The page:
Rail problems east, south have few answers, many obstacles

| Print |  Email
Sunday, March 01, 2009
ATSfloods.jpg

STATEWIDE Rural rail lines in Oregon are the best hope some counties have to support industry, either what little forest products manufacturing that remains, or the potential for something greater in the future. But while rural Oregonians have convincing arguments for a need for rail, there are few answers as to how to make it happen.

On the eastern side of the state, there’s a local push to restore passenger service between Portland and Baker City in the hopes of drumming up tourism. Washington D.C.-based Amtrak is conducting a viability study. The biggest stumbling block, however, is out of Oregon and Amtrak’s reach: Increasing national freight traffic means the line’s owner, Union Pacific, has little capacity for passenger trains.

“There are so many variables,” says Amtrak spokesperson Vernae Graham when asked about the decision to restore service. “You have to see what makes good business sense.”

December 2007’s massive storm decimated the Port of Tillamook Bay railroad. Repairs are estimated between $30 million and $50 million. Port officials and members of the governor’s office and ODOT have failed to come up with even a fraction of that money, and are losing out on the possibility of receiving matching funds from FEMA. Should the line remain unrepaired, Oregon will lose its only rail link from the coast to the Portland Metro area.

Further south in Coos Bay, another saga looks more hopeful. Government officials spent the first week of the session frantically finding ways to come up with $16.6 million to buy the damaged line that runs between the coast and Eugene. In February, the state approved $12.6 million in bridge loans that will enable the Port of Coos Bay to purchase the rail line that was shut down by Central Oregon & Pacific Railroad.

With a viable rail line, the Port of Coos Bay is likely to become some kind of container shipping port. That puts Oregon in a competitive position with the rest of the Pacific Rim. And it turns rail from a rural issue to an international one.

“What do we as state want to do with [rail]?” asks State Rep. Arnie Roblan, D-Coos Bay. “If we want to be a player, what kind of infrastructure do we need?”

ABRAHAM HYATT


Have an opinion? E-mail This e-mail address is being protected from spambots. You need JavaScript enabled to view it

 

 

More Articles

Knight Cancer Challenge No Biotech Dream

May 2015
Monday, April 27, 2015
BY JOE CORTRIGHT

The Knight challenge is an important instance of philanthropy. But we should not assume it will magically transform OHSU into a business- and job-spinning engine for the local economy.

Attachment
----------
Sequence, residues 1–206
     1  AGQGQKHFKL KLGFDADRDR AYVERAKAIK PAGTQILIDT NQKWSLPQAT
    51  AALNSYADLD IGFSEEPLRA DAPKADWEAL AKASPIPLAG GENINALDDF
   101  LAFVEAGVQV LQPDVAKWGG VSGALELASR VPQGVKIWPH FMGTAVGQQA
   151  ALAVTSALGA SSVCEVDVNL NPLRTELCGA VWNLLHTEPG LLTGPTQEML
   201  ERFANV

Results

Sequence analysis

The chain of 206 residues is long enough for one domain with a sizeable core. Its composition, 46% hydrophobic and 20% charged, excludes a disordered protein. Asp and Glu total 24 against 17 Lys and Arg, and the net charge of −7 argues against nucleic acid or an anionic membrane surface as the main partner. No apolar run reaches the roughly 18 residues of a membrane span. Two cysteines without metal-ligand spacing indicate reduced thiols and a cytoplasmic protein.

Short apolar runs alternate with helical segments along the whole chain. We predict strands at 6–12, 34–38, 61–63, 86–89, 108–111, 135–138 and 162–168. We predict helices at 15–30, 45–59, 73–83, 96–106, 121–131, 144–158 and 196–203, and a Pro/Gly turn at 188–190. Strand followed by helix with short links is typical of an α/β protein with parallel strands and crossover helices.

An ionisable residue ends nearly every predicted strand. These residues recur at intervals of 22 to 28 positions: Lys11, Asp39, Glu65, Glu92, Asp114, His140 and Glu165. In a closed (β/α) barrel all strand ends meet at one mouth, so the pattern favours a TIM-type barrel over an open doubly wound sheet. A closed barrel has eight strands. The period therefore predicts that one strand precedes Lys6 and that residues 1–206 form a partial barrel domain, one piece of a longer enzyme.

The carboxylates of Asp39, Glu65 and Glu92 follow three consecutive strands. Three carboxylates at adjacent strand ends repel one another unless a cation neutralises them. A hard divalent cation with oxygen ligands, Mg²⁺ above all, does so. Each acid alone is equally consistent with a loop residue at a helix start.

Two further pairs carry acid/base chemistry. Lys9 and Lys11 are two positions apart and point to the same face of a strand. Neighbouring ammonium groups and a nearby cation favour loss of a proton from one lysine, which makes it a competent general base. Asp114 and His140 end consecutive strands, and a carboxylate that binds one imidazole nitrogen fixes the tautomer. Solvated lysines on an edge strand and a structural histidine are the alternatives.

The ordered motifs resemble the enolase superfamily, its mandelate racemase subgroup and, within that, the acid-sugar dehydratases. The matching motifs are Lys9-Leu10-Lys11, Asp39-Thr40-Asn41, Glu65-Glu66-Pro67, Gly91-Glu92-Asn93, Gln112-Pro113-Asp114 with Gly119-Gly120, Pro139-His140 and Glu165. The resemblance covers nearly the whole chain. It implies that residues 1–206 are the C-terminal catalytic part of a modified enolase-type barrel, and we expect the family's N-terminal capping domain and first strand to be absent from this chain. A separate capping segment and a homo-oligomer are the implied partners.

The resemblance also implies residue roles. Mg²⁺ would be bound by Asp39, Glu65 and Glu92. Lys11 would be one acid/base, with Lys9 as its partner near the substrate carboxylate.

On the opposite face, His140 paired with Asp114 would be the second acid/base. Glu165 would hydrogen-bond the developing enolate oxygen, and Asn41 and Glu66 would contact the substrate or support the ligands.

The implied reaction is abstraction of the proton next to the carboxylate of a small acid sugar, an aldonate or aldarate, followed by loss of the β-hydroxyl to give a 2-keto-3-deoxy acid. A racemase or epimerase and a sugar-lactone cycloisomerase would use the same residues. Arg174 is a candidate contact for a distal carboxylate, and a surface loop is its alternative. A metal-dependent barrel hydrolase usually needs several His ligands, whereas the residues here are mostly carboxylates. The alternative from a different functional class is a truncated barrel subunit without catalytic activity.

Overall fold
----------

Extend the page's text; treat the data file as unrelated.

Read more...

Man for All Seasons

May 2015
Monday, April 27, 2015
BY LINDA BAKER

A longtime technologist and entrepreneur, Dwayne Johnson, 53, is managing partner of PDXO/GlobeThree Ventures, a strategy and business consultancy in Portland.


Read more...

5 questions about the FLIR FX

The Latest
Wednesday, April 08, 2015
FLIR-FX-IndoorBY JACOB PALMER | DIGITAL NEWS EDITOR

The Wilsonville-based company is targeting GoPro enthusiasts with its latest release. Is spy gear poised to go mainstream?


Read more...

The best crisis is the one you avoid

Contributed Blogs
Wednesday, April 15, 2015
crisisthumbBY GARY CONKLING | GUEST BLOGGER

Avoiding a crisis is a great way to burnish your reputation, increase brand loyalty and become a market leader.


Read more...

Footloose

April 2015
Friday, March 27, 2015
BY LINDA BAKER

Founded 12 years ago, Keen Inc. likes to push the envelope, starting with the debut of the “Newport” closed toe sandal in 2003. Since then, the company has opened a factory on Swan Island and a sleek new headquarters in the Pearl District. The brand’s newest offering, UNEEK, is a sandal made from two woven cords and not much more.


Read more...

Photo Diary: Forest Grove Farmers Market

The Latest
Thursday, May 14, 2015
IMG 8469BY JASON E. KAPLAN | STAFF PHOTOGRAPHER

There are more than 160 farmers markets in Oregon, contributing an estimated $50 million in sales, according to the Oregon Farmers Markets Association. We checked in on the Forest Grove market, which for several years has brought local produce and food vendors to Main Street in the center of town.


Read more...

On the Road

April 2015
Friday, March 27, 2015
BY LINDA BAKER

My daughter turned 18 last week, and for her birthday I got her a Car2Go membership. Not to label myself a disruptor or anything, but it felt like a groundbreaking moment. The two of us, mother and child, were participating in a new teen rite of passage: Instead of handing over the car keys, I handed over a car-sharing card — with the caveat that she not use the gift as her own personal car service.


Read more...
Oregon Business magazinetitle-sponsored-links-02
SPONSORED LINKS